Though he tried to mask his tone, it was clear to Marigold and perhaps the others that Pyore’s apology was empty. The words were dripping with bitterness and Marigold sensed that it gave him no pleasure to be admonished before the entire dinner hall. Even if everyone else had the decency to pretend they were unaware of anything going on.

That sulking behaviour was a good enough victory for Marigold. She had won and they both knew it. “Your apology is accepted, my dear,” she intoned with a grin that she hoped might convey her satisfaction with how Eamon’s judgement had unfolded. “Would you be do kind as to show me to my seat?”

The last line was intended as a jab, despite its cool and poised delivery. The wince on Pyore’s face told her that both it and the smile were received as she intended. If Eamon or the other two had noticed, none showed and any sign of it, save for Eldridge, who could hardly contain his chortling at his brother’s expense.

“Thank you for your forgiveness, your kindness knows no bounds, my betrothed. I would be glad to show you to your seat,” Pyore stated, still in that forced apologetic tone. As gently as if he were petting a kitten, he led her around the table, only releasing her hand to pull back the heavy chair beside Tryst. Ever so graciously, Marigold curtsied before taking her rightful place. Pyore’s new seat was beside his brother and directly across from Tryst, who made no attempt at false courtesy and ignored the boy entirely.

Eamon regarded Pyore again as he retook his own place. “You should be grateful that Lord Master Howland was not here to witness that,” the old man started in as Pyore lowered himself into the chair beside his brother. “Though I have no doubts that he will be made aware of it come tomorrow. Fortunately, you will be on a train back to Hercalest by then and Lord Master Howland will have the remainder of autumn to forget about it.”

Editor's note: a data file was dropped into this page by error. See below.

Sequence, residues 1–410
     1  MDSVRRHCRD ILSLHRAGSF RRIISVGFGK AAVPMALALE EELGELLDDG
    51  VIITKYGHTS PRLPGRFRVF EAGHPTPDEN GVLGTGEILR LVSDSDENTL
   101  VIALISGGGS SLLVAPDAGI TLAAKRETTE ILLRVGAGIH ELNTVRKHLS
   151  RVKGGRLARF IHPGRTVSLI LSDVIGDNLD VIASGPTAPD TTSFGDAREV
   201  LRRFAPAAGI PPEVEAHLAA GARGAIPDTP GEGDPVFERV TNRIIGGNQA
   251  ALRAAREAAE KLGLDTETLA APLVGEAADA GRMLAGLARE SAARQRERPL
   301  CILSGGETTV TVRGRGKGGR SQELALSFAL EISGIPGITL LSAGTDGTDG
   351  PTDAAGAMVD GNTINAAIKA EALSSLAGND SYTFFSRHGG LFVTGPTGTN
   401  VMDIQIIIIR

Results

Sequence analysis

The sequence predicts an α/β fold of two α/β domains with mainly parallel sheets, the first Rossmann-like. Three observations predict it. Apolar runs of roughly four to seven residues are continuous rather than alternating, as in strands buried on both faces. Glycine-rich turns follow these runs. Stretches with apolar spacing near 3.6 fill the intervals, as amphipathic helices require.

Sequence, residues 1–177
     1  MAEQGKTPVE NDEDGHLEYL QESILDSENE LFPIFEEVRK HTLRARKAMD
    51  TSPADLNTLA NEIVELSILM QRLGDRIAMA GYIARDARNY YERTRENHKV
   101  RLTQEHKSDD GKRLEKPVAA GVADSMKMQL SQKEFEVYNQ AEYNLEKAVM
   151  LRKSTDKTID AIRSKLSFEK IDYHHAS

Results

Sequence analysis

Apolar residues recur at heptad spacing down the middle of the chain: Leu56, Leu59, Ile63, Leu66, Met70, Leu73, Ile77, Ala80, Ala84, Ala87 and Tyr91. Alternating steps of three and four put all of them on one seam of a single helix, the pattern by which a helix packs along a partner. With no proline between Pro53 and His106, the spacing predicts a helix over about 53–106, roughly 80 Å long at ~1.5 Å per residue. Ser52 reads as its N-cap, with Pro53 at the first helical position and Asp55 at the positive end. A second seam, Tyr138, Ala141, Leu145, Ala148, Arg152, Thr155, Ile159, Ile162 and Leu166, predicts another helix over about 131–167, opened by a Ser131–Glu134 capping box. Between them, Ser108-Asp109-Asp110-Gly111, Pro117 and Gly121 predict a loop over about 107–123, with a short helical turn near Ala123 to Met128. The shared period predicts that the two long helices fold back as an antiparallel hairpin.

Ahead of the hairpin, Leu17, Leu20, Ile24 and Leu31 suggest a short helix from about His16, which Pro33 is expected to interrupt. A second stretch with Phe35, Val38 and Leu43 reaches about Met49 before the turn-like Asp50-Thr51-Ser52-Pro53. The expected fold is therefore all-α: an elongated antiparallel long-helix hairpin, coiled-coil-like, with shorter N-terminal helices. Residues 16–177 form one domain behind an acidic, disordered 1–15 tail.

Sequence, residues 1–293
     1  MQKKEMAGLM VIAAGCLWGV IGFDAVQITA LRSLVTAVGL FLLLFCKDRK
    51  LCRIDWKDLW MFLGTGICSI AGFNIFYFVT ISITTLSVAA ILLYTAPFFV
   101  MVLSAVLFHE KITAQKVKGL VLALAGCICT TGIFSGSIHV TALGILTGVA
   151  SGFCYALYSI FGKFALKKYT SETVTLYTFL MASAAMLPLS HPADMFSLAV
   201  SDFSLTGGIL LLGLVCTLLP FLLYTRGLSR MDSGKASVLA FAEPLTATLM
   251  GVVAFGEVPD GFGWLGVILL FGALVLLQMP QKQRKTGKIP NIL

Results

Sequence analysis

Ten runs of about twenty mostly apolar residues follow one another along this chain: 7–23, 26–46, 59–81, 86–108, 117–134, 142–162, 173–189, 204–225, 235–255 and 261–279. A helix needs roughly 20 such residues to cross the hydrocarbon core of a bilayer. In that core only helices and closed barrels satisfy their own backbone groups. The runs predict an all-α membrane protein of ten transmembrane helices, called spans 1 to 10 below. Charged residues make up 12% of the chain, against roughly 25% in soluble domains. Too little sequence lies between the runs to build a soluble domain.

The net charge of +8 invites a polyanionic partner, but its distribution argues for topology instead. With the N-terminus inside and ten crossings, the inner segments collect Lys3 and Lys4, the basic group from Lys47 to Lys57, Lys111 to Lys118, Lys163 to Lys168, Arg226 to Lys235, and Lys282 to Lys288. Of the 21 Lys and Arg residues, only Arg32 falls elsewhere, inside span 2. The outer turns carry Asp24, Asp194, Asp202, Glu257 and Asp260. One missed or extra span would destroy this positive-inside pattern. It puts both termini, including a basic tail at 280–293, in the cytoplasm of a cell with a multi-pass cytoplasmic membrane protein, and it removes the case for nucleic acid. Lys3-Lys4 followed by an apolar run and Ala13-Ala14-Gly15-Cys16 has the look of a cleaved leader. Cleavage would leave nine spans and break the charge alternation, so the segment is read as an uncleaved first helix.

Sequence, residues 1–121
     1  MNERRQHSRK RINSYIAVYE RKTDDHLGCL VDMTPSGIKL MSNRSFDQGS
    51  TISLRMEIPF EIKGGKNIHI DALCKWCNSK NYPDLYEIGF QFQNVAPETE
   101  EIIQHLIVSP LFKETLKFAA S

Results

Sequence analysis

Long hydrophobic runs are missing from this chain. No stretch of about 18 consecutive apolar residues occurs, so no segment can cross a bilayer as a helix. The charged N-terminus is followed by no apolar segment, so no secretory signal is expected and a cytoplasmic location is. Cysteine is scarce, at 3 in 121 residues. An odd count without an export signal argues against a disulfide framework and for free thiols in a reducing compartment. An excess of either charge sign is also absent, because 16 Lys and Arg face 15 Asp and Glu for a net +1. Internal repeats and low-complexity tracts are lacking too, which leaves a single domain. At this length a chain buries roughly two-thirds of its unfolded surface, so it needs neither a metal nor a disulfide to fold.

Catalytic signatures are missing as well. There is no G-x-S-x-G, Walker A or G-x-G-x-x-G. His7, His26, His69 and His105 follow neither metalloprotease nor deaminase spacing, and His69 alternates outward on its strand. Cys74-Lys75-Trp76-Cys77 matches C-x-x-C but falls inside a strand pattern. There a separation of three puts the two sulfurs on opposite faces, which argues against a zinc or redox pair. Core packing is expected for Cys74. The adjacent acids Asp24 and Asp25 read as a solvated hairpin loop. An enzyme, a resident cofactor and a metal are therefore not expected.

“Yes, Father,” Pyore said, seemingly defeated and daring not to even make eye contact with his sire.

Tryst still had yet to speak a word to Marigold and though she understood why, it didn’t make the silence between them any more bearable and so she broke it. “Hello, Mister Reine, I trust you have had a pleasant day?” Marigold asked in a proper and friendly tone.

“Hello to you as well, my lady, it’s been quite fine, thank you for asking,” Tryst answered with full formality.

“If you don’t mind my asking, ser, what brings you to the head table this evening?” she inquired, wondering what he was able to say in front of the Palombs.

He turned to face her and it was then she noticed the sword moving at his side. Not the standard, useless ornaments the guards and Pyore Palomb wore, but a fine looking piece in a faded, red, leather sheath. The light from the chandeliers overhead rippled on the worn leather like the waters of a creek. The hilt was wrapped in supple black leather with a fine linen ribbon of dark red encircling it, ending in a dangling knot. Marigold knew this was no ordinary sword. This was his master’s blade from the University in the Mountains. It was forged of not just good steel, but the very best quality dwarven blacksteel and by the very best smith alive.